FINAL THOUGHTS: Do You Want More?!!!??! should be considered the "true" debut album from The Roots, although one shouldn't discount Organix entirely. The Roots were new to the game and were trying to carve their niche, but as a result, a lot of these tracks ultimately meander nowhere. Black Thought's skilled rhyming style was evident even back then (and Malik B isn't half bad, either), but musically, if this were a jazz album, this would sound much more impressive. (I'm obviously omitting the beatboxing on several tracks in order to make my point.) The songs that click, however, are fucking fantastic, and still sound as fresh as they did back in the mid-1990's.

BUY OR BURN? Longtime Roots aficionados already own this one, but casual listeners shouldn't run out to buy it, as it isn't the best or most accessible starting point for them. A burn is sufficient, especially of the songs listed below, as this disc is something you have to ease into. After listening, if you feel the need to shoot a couple of bucks their way, I'm sure they would appreciate it.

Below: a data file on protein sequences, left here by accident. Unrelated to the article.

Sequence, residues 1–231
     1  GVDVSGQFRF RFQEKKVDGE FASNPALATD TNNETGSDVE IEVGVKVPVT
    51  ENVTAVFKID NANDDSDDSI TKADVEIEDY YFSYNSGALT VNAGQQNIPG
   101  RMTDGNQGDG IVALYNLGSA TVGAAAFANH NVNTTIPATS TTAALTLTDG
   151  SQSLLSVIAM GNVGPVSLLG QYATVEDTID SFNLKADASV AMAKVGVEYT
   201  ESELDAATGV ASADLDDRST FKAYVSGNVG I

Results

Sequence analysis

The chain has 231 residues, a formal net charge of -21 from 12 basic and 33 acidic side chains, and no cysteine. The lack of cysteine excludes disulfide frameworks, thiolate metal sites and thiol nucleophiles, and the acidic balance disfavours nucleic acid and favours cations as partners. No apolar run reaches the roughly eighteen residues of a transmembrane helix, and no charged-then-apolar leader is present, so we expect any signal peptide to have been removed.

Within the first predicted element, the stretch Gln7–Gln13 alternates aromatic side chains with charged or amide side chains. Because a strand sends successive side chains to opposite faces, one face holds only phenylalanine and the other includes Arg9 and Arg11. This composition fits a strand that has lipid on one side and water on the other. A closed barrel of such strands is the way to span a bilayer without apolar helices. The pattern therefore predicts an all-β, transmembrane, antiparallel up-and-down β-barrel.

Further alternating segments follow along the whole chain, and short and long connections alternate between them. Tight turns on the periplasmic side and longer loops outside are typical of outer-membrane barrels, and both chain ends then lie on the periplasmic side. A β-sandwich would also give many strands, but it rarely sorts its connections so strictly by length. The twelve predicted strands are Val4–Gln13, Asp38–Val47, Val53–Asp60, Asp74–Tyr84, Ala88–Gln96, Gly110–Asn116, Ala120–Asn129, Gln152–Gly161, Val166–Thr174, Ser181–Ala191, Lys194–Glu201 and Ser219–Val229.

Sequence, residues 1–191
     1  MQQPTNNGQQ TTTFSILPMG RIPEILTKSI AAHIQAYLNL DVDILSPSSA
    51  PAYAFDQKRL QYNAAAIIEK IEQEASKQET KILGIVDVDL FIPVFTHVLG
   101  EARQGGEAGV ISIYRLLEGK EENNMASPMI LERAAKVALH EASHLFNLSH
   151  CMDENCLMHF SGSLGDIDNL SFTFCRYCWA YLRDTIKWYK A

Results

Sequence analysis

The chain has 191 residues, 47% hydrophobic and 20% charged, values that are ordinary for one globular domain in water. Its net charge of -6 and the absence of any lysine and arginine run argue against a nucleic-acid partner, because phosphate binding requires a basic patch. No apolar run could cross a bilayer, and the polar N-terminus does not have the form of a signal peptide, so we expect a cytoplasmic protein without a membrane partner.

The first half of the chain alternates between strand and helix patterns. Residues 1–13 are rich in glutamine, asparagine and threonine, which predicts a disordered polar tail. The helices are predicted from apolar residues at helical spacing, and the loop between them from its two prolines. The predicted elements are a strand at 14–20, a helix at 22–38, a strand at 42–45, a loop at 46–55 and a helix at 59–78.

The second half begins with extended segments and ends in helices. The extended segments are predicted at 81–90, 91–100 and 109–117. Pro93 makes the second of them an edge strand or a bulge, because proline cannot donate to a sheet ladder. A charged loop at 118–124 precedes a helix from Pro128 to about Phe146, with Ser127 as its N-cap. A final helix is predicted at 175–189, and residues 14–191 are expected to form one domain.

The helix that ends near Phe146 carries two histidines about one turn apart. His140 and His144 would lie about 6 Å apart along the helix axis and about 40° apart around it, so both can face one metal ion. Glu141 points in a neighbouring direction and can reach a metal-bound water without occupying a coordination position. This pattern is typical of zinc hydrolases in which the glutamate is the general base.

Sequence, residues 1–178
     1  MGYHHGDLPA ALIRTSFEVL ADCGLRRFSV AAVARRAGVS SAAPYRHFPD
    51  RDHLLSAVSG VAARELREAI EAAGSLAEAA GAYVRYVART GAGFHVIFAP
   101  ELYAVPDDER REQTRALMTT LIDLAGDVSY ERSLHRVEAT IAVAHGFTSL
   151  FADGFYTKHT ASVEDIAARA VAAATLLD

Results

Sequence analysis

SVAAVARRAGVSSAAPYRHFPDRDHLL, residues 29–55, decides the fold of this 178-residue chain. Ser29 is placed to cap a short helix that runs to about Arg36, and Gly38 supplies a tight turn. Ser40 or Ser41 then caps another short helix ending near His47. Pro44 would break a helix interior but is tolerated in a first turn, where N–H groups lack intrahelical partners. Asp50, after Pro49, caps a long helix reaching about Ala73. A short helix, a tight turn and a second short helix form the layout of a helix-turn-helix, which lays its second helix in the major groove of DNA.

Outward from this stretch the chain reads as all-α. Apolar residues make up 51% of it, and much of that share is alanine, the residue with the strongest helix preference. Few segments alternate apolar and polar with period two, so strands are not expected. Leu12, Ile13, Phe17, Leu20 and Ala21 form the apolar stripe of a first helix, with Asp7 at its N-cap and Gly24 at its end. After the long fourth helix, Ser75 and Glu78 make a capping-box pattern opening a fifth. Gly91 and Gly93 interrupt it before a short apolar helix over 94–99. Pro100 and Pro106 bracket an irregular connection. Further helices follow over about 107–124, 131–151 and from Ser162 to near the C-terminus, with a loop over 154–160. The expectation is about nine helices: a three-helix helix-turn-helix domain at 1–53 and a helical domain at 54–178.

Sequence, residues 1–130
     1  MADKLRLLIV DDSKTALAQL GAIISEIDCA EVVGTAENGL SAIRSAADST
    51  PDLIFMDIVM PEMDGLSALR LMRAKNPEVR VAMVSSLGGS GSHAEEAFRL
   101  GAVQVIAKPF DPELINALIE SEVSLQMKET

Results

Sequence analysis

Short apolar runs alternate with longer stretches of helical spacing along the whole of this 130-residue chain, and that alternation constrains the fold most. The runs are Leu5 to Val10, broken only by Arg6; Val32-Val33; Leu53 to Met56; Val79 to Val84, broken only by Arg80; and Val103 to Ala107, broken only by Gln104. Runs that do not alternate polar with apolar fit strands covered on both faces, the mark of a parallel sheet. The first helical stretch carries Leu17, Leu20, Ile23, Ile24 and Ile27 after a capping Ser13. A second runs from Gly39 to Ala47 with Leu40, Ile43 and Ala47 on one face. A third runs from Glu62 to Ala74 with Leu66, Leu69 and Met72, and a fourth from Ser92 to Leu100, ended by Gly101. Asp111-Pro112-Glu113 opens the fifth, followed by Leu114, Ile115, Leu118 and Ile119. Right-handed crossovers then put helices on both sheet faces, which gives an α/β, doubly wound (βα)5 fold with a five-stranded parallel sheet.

BEST TRACKS: "The Lesson Pt. 1"; "Distortion To Static"; "Do You Want More?!!!??!"


Read up on The Roots by clicking here.


  1. Even though i disagree with this review, I can understand why some people would not like this album that much. Now Max what you need to do is review ILLADELPH HALFLIFE. To me thats their best album, and I would like to see your thoughts on that album.

  2. I loved this album when I first heard it, but after listening to the Roots evolve into their current tightly focused, dark sound, this one is hard to come back to. Black Thought's spastic rapping and scatting combined with the crew's spastic jazz playing makes this one very grating after about five tracks. This disc will always hold a place in my heart, though.

  3. Max...
    This album is dope.